pierre de chastelard.jpg

The National Portrait Gallery collection contains the above image which dates from 1830 depicting the lovelorn de Chatelard playing the lute for Mary.

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Mary Queen of Scots and the arms of England

heraldic mary.jpgIn November 1558 Henri II of France upon hearing the news that Mary I of England  (Bloody Mary) was dead declared that his young son, Francois, and his daughter-in-law, Mary Queen of Scots were king and queen of England by virtue of Mary Queen of Scots descent from Margaret Tudor, the eldest surviving daughter of Henry VII.  In the eyes of the Catholic world Elizabeth was at best the illegitimate daughter of Henry VIII and Anne Boleyn and could thus have no claim to the crown.  Royal_Arms_of_Mary,_Queen_of_Scots,_France_&_England

The quartering of the English arms with Mary’s arms was the start of a lifelong struggle between Elizabeth and Mary although Elizabeth did acknowledge that the initial ambitions stemmed from the House of Guise and Henri II.  At this stage in the proceedings it was largely a matter of posturing – but a seed had been sown.

francois_maryBarely two years later in December 1560 Francois died from an ear infection that turned into an abscess on his brain.  Mary decided to return Scotland – landing her squarely on Elizabeth’s doorstep. This was a development that made her claim to the throne more dangerous not least because Mary refused to accept the Treaty of Edinburgh which recognised Elizabeth as Queen of England. As a direct consequence of her refusal to ratify the treaty Elizabeth refused to permit her cousin safe passage.  Mary relied on God and good winds to get her home  to Leith on August 19 1561 but the tone was set for growing animosity between the two queens until Mary went to her death at Fotheringhay in 1587.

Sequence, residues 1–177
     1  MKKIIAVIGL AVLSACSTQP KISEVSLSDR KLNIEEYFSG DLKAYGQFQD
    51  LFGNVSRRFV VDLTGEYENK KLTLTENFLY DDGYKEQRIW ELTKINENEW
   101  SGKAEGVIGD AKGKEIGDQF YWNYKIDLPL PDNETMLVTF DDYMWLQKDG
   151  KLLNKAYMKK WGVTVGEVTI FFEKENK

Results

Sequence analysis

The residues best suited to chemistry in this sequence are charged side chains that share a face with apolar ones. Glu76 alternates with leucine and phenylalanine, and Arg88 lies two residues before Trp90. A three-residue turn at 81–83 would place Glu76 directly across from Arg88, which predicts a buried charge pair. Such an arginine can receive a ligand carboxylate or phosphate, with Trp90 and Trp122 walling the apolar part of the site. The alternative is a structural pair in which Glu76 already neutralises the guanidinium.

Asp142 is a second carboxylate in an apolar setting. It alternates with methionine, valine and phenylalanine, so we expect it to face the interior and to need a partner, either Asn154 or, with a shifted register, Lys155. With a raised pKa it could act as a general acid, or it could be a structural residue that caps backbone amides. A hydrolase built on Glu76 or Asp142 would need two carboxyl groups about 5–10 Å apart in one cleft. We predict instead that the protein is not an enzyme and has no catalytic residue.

Mary had been in France since she was five-years-old.  Her mother, Mary of Guise, widow of James V had sent her only surviving child abroad for fear of kidnap attempts from her own nobles and from the attentions of the on-going English so-called ‘Rough Wooing’.  In April 1558, after an upbringing fit for a princess, Mary, aged 15, married the dauphin who was almost two years younger than her.  In 1559 Henri II was killed in a jousting accident. The young husband and wife briefly became king and queen of France. Francois had always been a sickly boy so the day to day ruling of France fell to his older relations including his mother Catherine de Medici and his uncles the Cardinal of Lorraine and the Duke of Guise.

 

In Scotland, Mary of Guise, Mary’s mother who had acted as her daughter’s regent died in June 1560. The Treaty of Edinburgh should have been ratified in the July but Mary insisted that she hadn’t agreed to it so wouldn’t sign it. By the end of the year Mary Queen of Scots would be a widow.  She was just eighteen.  Her ten-year-old-brother-in-law Charles now became king of France and Catherine de Medici became regent.

bothwellAt Calais, in French hands since 1558, Mary boarded the vessel that would take her back to a Scotland where John Knox preached Protestantism.  The man who was the admiral of her little fleet was none other than James Hepburn, earl of Bothwell.